European sharing economy to grow by a third in the next 12 months
Amsterdam, 1 July 2015
- Rapid growth tipped for the sharing economy in Europe, driven by disruptive brands like Airbnb
- To date, cars have been the most borrowed item, but sharing of holiday accommodation is predicted to overtake this
- Sharers make an average of €2,500 annually to supplement their incomes
The sharing economy pioneered by companies like Airbnb and BlaBlaCar is taking hold in Europe, with more than 150 million consumers expected to pool property or possessions over the next year.
An international study of almost 15,000 consumers across 15 countries reveals the profound effect that sharing technologies could have on economies worldwide, with participation predicted to rise in the next 12 months.
European countries are leading the way in the sharing economy
Nearly one in 10 (9%) in the US are already participating in the sharing economy. Europe is playing catch up with 5% participation but considerable growth is expected in the next year, with nearly a third (32%) of consumers saying that they will take part.
The ING International Special Report on the Sharing Economy defines the sharing economy as the utilisation of goods that would otherwise be idle or unused with payment being made in return. This exchange is driven and supported by digital technology as explained in the independent review ‘Unlocking the sharing economy (PDF, 271 KB)’ for the UK government. The ING study reveals that certain European countries are leading the way in the sharing economy, with participation highest in Turkey (9%), Spain (6%) and the UK (5%), but this suggests that there is considerable scope for growth across the continent as familiarity spreads and more people turn their knowledge into action.
Cars are the most frequently shared items (9%) but holiday accommodation is expected to take the lead in the next year, with two in five (42%) saying that they will consider paying someone to borrow their holiday home. There is less willingness to share such items as clothing (4%), electrical items (4%) and household appliances (4%), with consumers preferring to have sole ownership of these items.
Many sharers are going all Airbnb
Airbnb has made headlines – positive and negative – around the world as a disruptive force to the traditional holiday accommodation model. It is just one of many room-sharing arrangements, which might explain why holiday accommodation is the possession owners in Europe are most likely to have shared in the last 12 months. In addition, almost half – or 49% – of holiday accommodation owners would consider sharing for money in the next 12 months.
Cars, children’s items (such as toys) and sports equipment (such as skis) were shared by 6% of owners in the last 12 months. Clothes are the possession owners are least likely to consider sharing in the next 12 months.
Saving money and the environment holds appeal for sharers
The chance to save money strongly influences participation in the sharing economy across Europe, the United States and Australia. Of four positive statements about the sharing economy, “it saves money” has the largest number of people saying it is an influential factor in all 15 countries surveyed.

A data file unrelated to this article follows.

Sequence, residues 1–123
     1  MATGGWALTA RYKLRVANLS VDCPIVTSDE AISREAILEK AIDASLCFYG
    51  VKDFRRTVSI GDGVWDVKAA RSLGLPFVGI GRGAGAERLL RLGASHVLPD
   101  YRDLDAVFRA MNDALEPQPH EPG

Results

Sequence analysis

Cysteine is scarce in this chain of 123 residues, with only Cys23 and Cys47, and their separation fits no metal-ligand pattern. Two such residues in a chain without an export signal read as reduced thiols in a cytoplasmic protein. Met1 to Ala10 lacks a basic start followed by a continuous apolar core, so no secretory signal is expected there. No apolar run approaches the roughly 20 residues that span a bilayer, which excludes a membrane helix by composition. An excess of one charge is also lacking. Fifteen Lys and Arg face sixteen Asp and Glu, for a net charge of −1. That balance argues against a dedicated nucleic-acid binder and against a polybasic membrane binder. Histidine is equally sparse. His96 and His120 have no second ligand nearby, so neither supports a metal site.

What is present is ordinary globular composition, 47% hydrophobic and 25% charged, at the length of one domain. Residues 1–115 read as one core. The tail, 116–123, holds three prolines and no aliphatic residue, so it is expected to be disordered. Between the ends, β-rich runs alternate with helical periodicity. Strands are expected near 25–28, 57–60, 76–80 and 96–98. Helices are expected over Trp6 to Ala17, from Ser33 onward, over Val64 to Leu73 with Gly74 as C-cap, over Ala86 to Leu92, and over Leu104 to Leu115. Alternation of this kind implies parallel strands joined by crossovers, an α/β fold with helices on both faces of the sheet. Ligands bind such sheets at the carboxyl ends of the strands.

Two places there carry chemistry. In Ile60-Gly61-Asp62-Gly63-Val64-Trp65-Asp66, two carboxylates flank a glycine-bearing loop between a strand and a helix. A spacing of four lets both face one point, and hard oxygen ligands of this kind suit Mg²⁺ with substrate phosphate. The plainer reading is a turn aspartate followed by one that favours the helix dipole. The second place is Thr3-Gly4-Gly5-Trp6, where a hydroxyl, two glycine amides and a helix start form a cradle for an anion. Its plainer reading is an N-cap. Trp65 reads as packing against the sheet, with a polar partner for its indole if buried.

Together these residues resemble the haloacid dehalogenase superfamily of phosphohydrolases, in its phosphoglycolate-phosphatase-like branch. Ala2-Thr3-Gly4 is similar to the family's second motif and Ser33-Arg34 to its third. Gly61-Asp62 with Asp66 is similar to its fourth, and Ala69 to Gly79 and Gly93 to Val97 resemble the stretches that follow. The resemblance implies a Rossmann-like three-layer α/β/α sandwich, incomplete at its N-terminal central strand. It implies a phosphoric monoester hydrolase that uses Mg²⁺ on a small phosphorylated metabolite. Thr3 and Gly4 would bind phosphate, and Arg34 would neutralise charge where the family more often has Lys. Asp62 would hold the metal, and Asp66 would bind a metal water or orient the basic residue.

In Turkey it is joint top. Across all countries, the view that it is good for the environment is influential, an aspect that is explored further ING’s circular economy report released by Economics Department Netherlands in June 2015.
Many respondents also see sharing as “an easy way to make extra money”. Helping build communities – such as broadening the relationship between lenders and borrowers or through the establishment of sharing community shops – holds less appeal in most countries, but ranks highly in Turkey, Poland and Italy. Turkey, Poland and Italy have a large proportion of people who believe these positive factors are influential, as signalled by the longer length of their bars on the chart.
These view are held much more strongly among sharers than non-sharers. The view that sharing builds communities is particularly influential for sharers, with 73% saying it is important compared with 39% of non-sharers. Women are more motivated by the idea that sharing is good for the environment, with 57% saying it is an important factor influencing participation compared with 50% of men. Likewise, saving money is an important sharing economy factor for 61% of women and 56% of men
Sharers benefit financially
Consumers who have already taken to sharing items are benefitting financially, with average earnings of €2,500, suggesting that for some this could be an important supplementary income stream in the future. However, the vast majority of participants across Europe (74%) made €1,000 or less in the past year. Those participating in the sharing economy are most commonly well-educated consumers, aged under 35.
Not everyone yet convinced
ING Senior Economist, Ian Bright commented: “The growth of the sharing economy has been accelerated by new mobile and internet technologies that makes it easier and quicker to share. This is part of a broad shift in the way assets are utilised and entails a change in our conception of ‘ownership’, though clearly not everyone is yet convinced about moving to a society that takes a ‘reduce, reuse and recycle’ mentality.”
The special report ING International Special Report on the Sharing Economy can be viewed on top of this article, is available on slideshare for embedding and can also be downloaded as a pdf.